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The Word Embodied
22nd Sunday of Ordinary Time
Year B
August 29, 2021
John Kavanaugh, SJ

“This people honors me with their lips.”
(Mk 7:6)

Disturbing Words

The fornicators among us are surely going to be disturbed by Jesus’ words. So also the greedy-guts. The same might be said for liars, adulterers, thieves, killers, sensualists, the envious, the arrogant, and the obtuse.

Perhaps the best tack is to scrap the whole Gospel and talk about love or expansion funds. It is not uncommon, after all, for us to expunge those parts of the Gospel that offend us. But usually we have to listen to the stuff and squirm.

If our hearts are stung by Jesus’ challenge to the Pharisees, our hearts are almost healed.

It is a funny thing to sit in the pew on Sundays when a whole list of sins and sinners is enumerated from the Gospels or the various Epistles. Our shoulders shrink a bit in hope that we are not mentioned, or at least that the blows fall not too hard. Possibly we feel relieved that smoking and drinking are not mentioned. Some of us may sigh. It is those “others” that Jesus is talking about.

Or maybe we dwell—savoring it—on those “others.” That guy who has loads of money. I hope he heard the word “greed.” Or the woman who has seen three marriages. She’d better be listening. Or those fakes who think they are so good; they’ll get their fill of this Gospel. And I hope those people who eat and drink too much know what the word “sensuality” means. They could learn a thing or two if they would just open up their ears. As for those who envy my own virtue and success, thank God they are condemned as well.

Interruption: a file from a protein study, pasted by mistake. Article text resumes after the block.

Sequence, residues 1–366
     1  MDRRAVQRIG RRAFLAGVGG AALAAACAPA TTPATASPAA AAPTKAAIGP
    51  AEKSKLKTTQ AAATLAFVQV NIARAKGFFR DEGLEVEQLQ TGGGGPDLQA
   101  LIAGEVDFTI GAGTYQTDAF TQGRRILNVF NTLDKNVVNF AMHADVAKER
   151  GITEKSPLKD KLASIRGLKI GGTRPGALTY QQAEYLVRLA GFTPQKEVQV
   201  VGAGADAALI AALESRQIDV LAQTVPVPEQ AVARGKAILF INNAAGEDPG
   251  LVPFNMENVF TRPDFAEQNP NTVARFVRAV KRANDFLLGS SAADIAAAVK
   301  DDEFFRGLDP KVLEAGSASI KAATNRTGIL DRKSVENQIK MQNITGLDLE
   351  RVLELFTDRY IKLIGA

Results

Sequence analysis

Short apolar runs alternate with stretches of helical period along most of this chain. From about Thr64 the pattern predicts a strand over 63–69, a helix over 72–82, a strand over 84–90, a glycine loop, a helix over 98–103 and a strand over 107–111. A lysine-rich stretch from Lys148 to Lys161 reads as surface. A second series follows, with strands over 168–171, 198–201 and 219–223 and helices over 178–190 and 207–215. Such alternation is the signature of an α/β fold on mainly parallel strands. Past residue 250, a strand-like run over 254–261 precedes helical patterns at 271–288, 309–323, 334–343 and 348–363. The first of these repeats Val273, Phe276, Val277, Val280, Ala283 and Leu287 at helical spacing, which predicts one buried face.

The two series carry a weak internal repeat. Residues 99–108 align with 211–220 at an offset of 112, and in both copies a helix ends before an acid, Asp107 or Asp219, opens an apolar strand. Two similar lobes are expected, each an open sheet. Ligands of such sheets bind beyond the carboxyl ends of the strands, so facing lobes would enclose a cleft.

The old Pharisees were experts in the law. Matters of right and wrong. Weighty concerns of judgment. They knew where people stood. But Jesus seemed to have more difficulty with the Pharisees than with any other group. They did not mind hearing about sin, as long as it didn’t apply to them. They were righteous, but self-righteously so. They honored their self-images and projections, their own traditions. Jesus quoted Isaiah to penetrate their defenses: “You teach as dogmas mere human precepts.”

For myself, this stings a bit. I cherish what has been handed down as tried and true. But if I cherish tradition, must I not be vigilant that my heart is in the right place? Does Christ speak to me when he says: “You disregard God’s commandment and cling to what is human tradition”? Does he address his church? Its scribes? Its leaders? “This people pays me lip-service but their heart is far from me. Empty is the reverence they give me because they teach as dogmas mere human precepts.” (Mt 15:8)

A secret consolation is this: if our hearts are stung by Jesus’ challenge to the Pharisees, our hearts are almost healed.

A gifted and forceful woman once told me of a horrifying revelation. She realized at prayer that she was the Pharisee, she who judged others, she who did not trust God.

What a lovely moment. If you think you are a Pharisee, you most surely are not. If you think you are not, watch out.

John Kavanaugh, SJ
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Father Kavanaugh was a professor of Philosophy at St. Louis University in St. Louis. He reached many people during his lifetime.
The Word Encountered: Meditations on the Sunday Scriptures
Orbis Books, Maryknoll, New York (1996), pp. 98-99.
Art by Martin Erspamer, OSB
from Religious Clip Art for the Liturgical Year (A, B, and C). This art may be reproduced only by parishes who purchase the collection in book or CD-ROM form. For more information go
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